North Hatley marina aims for reconciliation through renovation
North Hatley marina operators, Steve Piercy and Josée Fontaine announced a plan on Wednesday to completely overhaul the space to create a gathering area for youth, First Nations, veterans, and the community as a whole. As a part of that announcement, a birch-bark canoe, used in the production of the 1991 film, Black Robe, was launched into the Massawippi River.
Greg Bishop, collaborator in the new vision of the marina, told The Record that the project is meant to be a step towards “reconciliation with our indigenous sisters and brothers” and that the canoe launch was the team’s way of honouring the indigenous peoples who were living in the area long before European settlers came into the picture.
“we are dropping a pebble in a pond—creating a ripple effect,” he said.
The plan for the reinvented marina involves building a two-story lodge-like building that will serve as a focal point for community gathering and support. He went on to say that the revitalization of the marina will “create a community focal point for fun, education, heritage, growth and healing that transcends cultural, linguistic, and any other barriers to love and unity.”
Bishop also noted that it is hoped the marina can build this new vision on a not-for-profit business model, with an eye to creating a safe environment for veterans of all sorts and survivors of PTSD where the focus will be on healing.
“The system is broken and does not provide much healing—just medication,” he said.
As of yet, there is no date for when construction will begin on the new Marina and no further details could be provided on the financing of the project.
When speaking before the launch of the canoe, Michael Page, the mayor of North Hatley mentioned that North Hatley takes a lot of pride in its marina.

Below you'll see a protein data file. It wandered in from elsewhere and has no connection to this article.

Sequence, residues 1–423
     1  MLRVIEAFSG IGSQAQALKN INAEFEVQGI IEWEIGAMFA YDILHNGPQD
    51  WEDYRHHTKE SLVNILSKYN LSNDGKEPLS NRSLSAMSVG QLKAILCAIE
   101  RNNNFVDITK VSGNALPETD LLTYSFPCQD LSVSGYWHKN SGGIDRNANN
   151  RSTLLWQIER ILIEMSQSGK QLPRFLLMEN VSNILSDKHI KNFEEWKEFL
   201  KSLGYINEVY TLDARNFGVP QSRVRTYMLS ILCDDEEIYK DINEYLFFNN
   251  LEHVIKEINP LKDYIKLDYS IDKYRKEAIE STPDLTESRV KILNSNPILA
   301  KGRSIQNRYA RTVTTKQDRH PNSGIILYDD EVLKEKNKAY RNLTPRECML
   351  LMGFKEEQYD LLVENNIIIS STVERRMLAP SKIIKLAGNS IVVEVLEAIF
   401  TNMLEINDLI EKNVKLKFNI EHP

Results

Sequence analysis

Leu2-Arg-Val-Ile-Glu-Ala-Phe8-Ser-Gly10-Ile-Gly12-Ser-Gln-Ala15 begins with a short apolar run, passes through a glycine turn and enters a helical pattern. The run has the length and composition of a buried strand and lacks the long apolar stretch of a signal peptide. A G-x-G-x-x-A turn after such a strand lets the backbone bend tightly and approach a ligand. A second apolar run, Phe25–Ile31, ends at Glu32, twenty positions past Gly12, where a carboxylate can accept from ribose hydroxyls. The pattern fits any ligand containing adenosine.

“There are a lot of Hatleys in the area, but only North Hatley has a marina,” he said, adding that the day’s boat launch would “pay tribute to the ancestors when they hunted and fished in the area when it was just forests” and that he thinks “it can be more than just a marina.”
Lindsay Eberts, daughter of late movie producer, Jake Eberts, was present at the boat launch to see the continuation of the boat’s legacy as well as see her father’s legacy live on. Jake Eberts grew up in the area and produced four films based on indigenous stories. Two of which were made in the Eastern Townships.
As such, Lindsay went on to say that First Nations and friends are close and important to their family.
The marina will be renamed once renovated in collaboration with the residents of North Hatley.
A group of local youth were invited to be the lucky few that tested the integrity of the birch bark canoe on the water. Olivia Page, was one of what Bishop referred to as “stand-in Abenaki warriors”
“It was really cool to be sitting in a piece of history,” she said, although she added that some technical difficulties arose with the navigation of the canoe.
“We aren’t well versed in the sport of canoeing and we had some difficulties with the boat. That just made us appreciate the Abenaki culture even more though. It’s amazing how that was just a way of life for them and they’d ride for days and days with no problems.”
No representatives of the local Abenaki community were present for the announcement and launch, but the overall atmosphere among those present was one of communal hope for the village of North Hatley and the desire to engage in efforts of reconciliation and unity.
A group of five youth were chosen as the lucky ones to bring the birch bark canoe on the water.